A day after announcing five people in New York State tested positive for COVID’s omicron variant, Mayor de Blasio said Friday he’s considering tightening vaccine mandates when it comes to restaurants and concert venues.
Such a mandate could include a second shot of the COVID vaccine, as well as boosters shots.
“With all of our approaches to COVID, we’re going to update them because we’re dealing with some new challenges,” he said. “We’re going to keep updating policies regularly to meet this challenge.”
De Blasio was responding to a question from WNYC’s Brian Lehrer about whether the city would require people seeking to eat indoors or attend concerts to show that they’ve been fully vaccinated — as opposed to providing proof of just one shot, which is the current requirement.
“That will be looked at along with a series of other actions because it’s really dynamic right now,” de Blasio said.
While not fully committing to the policy change Friday, the mayor also pointed out that it’s not just omicron he’s concerned about, but the spread of COVID’s delta variant in the winter months as well.
De Blasio, who’s contemplating a gubernatorial run next year after he’s term-limited out of office as mayor, was speaking a day after appearing alongside Gov. Hochul at City Hall on Thursday to alert New Yorkers that the heavily mutated omicron variant had found its way to the Empire State.
So far, one person has tested positive for omicron in Brooklyn, two in Queens and one in Suffolk County on Long Island. According to Hochul, a fifth case was identified as being detected more broadly in New York City.
The 67-year-old woman who tested positive for omicron in Suffolk County exhibited mild COVID symptoms — and had also received at least one dose of the coronavirus vaccine, Hochol noted.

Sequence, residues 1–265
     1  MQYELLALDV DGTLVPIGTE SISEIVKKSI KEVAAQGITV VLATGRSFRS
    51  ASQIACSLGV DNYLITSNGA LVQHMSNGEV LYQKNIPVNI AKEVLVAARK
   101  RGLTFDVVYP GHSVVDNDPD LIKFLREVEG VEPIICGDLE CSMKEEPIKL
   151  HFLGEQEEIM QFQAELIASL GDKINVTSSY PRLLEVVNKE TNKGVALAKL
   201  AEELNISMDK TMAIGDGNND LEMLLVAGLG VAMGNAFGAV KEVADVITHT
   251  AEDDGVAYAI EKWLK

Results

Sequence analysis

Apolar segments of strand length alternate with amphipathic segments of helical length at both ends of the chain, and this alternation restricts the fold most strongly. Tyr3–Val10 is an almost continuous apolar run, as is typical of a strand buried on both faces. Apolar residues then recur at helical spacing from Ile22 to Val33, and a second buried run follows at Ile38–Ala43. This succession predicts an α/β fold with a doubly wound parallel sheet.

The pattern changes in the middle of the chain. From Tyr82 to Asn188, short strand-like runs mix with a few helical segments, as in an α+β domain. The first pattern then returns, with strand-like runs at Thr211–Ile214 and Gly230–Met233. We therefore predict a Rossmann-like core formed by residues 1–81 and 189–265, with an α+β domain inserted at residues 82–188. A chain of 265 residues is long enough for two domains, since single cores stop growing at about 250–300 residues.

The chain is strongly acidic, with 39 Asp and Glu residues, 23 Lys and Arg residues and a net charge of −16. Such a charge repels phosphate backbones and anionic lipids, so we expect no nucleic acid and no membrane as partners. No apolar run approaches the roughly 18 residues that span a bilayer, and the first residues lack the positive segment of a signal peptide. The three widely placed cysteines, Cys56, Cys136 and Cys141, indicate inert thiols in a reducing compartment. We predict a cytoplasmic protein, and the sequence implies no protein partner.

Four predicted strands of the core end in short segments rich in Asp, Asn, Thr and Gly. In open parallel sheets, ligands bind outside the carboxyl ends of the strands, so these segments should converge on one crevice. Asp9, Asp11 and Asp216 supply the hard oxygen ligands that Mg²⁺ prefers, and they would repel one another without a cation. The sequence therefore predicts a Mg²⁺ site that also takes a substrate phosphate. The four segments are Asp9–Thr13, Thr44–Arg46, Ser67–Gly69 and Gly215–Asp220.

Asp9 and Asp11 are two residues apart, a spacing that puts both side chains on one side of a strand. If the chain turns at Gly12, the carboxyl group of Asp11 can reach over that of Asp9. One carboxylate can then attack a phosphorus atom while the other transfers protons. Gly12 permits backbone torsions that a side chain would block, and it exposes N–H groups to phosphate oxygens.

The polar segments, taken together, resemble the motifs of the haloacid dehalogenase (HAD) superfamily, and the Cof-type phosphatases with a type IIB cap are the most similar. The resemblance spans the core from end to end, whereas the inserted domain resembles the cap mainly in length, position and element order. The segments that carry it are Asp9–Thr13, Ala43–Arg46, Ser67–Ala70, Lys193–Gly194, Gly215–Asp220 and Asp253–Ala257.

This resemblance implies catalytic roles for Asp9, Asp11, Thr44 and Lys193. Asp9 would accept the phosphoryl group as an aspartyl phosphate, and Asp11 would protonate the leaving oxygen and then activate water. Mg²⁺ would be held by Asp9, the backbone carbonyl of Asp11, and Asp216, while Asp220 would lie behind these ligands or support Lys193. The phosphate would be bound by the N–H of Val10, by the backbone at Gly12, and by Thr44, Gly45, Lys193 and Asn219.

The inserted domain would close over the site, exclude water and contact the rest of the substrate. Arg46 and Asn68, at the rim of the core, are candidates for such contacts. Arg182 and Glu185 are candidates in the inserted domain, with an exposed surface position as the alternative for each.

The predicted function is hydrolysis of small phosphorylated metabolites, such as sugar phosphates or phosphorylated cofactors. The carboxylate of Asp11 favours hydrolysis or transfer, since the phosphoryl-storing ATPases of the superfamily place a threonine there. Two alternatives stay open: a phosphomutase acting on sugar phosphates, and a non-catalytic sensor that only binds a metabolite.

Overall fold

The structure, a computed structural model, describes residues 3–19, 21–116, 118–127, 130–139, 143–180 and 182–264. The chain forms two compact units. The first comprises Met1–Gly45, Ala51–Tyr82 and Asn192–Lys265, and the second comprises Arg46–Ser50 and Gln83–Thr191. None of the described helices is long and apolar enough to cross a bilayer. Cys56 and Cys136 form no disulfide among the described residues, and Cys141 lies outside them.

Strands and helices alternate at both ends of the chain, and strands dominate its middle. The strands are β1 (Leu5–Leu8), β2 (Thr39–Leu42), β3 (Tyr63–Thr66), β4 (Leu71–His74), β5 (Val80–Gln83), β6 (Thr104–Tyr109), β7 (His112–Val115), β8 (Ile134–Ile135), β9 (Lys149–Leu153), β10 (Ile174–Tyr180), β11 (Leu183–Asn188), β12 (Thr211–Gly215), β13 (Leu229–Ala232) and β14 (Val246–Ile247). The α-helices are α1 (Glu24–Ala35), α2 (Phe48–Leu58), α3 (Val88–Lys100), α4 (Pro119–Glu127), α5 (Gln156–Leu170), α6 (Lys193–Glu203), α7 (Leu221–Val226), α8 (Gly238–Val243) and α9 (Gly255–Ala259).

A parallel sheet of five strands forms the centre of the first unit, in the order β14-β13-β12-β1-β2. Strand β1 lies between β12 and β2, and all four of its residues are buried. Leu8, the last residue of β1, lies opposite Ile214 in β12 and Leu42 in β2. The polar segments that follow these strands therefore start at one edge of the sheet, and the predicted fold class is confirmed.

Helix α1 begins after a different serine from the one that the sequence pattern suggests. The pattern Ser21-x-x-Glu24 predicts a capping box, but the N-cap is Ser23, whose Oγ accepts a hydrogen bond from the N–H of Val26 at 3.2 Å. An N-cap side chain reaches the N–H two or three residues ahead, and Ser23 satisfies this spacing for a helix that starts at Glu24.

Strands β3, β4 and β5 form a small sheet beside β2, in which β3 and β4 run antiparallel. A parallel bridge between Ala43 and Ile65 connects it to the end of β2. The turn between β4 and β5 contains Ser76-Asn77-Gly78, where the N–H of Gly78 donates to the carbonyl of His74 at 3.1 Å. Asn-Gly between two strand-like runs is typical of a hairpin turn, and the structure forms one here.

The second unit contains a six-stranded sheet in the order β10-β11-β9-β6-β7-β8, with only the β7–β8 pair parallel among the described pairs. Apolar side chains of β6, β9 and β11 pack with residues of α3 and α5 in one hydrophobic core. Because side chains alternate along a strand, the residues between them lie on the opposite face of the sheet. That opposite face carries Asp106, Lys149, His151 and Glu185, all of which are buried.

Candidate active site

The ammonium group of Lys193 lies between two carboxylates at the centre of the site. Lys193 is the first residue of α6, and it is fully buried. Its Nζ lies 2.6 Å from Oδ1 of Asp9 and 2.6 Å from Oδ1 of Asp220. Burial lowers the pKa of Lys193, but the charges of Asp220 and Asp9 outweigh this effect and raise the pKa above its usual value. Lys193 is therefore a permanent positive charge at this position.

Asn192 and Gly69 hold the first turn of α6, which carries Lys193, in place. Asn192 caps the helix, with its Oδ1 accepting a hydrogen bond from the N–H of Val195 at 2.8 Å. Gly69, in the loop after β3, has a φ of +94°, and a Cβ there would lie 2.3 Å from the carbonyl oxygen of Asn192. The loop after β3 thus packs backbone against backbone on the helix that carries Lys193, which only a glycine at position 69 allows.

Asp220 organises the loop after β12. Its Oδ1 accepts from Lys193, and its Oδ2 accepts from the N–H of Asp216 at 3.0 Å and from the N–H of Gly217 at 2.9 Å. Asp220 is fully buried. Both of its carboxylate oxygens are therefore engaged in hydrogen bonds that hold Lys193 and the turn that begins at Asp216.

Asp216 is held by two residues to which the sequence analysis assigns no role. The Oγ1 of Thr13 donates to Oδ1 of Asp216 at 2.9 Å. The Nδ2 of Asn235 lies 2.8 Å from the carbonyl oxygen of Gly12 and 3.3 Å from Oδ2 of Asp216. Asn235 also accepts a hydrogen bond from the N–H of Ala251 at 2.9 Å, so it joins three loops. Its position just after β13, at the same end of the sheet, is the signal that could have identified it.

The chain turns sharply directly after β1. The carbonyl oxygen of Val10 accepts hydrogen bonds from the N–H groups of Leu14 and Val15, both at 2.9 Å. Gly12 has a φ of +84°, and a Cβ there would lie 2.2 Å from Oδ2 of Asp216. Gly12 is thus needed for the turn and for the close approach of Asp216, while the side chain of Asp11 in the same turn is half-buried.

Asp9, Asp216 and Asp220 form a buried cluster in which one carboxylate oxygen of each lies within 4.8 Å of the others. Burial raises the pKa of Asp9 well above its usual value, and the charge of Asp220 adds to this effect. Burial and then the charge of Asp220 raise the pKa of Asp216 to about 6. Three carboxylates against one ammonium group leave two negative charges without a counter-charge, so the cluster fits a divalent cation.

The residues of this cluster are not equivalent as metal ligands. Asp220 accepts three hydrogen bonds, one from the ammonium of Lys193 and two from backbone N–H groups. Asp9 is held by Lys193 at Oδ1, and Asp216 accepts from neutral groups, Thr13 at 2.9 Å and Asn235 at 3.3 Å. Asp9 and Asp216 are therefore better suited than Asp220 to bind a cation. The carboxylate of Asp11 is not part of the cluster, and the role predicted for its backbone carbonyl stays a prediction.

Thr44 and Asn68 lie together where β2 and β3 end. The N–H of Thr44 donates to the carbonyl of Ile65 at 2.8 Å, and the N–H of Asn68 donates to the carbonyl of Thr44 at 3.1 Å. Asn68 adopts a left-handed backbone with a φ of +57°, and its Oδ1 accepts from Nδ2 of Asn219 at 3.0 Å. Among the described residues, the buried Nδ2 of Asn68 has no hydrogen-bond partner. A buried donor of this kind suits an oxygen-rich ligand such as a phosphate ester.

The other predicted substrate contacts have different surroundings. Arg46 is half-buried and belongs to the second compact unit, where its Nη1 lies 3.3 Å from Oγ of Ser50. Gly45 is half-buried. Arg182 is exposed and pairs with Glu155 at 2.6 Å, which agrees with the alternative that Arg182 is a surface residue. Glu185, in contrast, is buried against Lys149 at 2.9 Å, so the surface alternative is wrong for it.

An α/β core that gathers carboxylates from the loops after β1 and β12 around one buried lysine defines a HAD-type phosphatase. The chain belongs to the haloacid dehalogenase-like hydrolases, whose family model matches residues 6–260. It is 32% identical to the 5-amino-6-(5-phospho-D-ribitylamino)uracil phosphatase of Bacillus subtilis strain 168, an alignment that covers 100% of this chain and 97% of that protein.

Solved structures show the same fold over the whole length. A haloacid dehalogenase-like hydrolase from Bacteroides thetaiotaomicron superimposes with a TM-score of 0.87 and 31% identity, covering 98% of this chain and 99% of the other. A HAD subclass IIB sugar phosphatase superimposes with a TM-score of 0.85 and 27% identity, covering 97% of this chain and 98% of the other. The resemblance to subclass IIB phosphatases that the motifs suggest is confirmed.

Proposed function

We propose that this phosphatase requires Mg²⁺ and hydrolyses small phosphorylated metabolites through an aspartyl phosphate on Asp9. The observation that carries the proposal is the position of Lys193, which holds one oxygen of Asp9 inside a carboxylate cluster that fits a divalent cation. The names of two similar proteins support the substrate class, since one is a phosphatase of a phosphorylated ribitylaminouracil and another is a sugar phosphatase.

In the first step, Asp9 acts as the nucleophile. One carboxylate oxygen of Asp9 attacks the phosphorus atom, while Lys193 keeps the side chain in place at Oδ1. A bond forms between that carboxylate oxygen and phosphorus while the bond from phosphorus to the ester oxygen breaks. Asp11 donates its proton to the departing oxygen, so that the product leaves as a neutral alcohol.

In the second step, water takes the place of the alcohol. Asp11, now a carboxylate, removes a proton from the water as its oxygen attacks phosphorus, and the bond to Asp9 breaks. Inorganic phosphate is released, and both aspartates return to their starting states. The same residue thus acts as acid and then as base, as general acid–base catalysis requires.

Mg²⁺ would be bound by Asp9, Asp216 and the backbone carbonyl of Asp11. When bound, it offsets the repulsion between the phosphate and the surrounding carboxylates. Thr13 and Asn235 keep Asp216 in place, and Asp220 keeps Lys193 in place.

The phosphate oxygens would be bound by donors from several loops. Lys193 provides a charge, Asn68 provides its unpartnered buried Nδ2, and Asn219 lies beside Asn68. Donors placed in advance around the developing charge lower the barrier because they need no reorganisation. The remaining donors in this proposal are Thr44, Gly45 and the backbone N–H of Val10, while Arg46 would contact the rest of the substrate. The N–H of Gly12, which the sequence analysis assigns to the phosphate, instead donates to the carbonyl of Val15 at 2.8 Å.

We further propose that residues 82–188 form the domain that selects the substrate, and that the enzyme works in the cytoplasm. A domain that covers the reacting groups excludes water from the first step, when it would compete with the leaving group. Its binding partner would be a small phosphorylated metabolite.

The fact that the woman received at least one shot led some, like Lehrer on Friday, to ask whether mandates should be beefed up.
Hochul has signaled a reluctance to institute additional vaccine mandates despite disparities between COVID positivity rates in New York City, which have stayed relatively low, and other parts of the state, which have experienced surges. Notably, the MTA, which she controls, has taken the approach of using vaccinations and tests, which has led it to budget $100 million to test workers on a weekly basis.
Hochul, though, has not completely ruled out new mandates.
“I don’t know enough about this variant. I’m not going to overreact, but I can react that quickly if we need to,” she said Thursday with a snap of her fingers.
With omicron here, she’s encouraging wearing masks indoors, as well as getting vaccination and booster shots.
But Hochul has not yet said she’d issue a mask mandate — a decision that her rival Attorney General Letitia James views as a mistake.
James, who is also running for governor, said Thursday night on NY1 that the state should issue a mask mandate now and that “we can do better in the state of New York.”
“We’re seeing numbers in upstate New York, which are double digit,” she said. “Erie County, it’s 10.2% positivity rate. Monroe, it’s 8.9 positivity rate. Onondaga, 6.3 positivity rate … we need bold leadership and individuals who again can get things done.”
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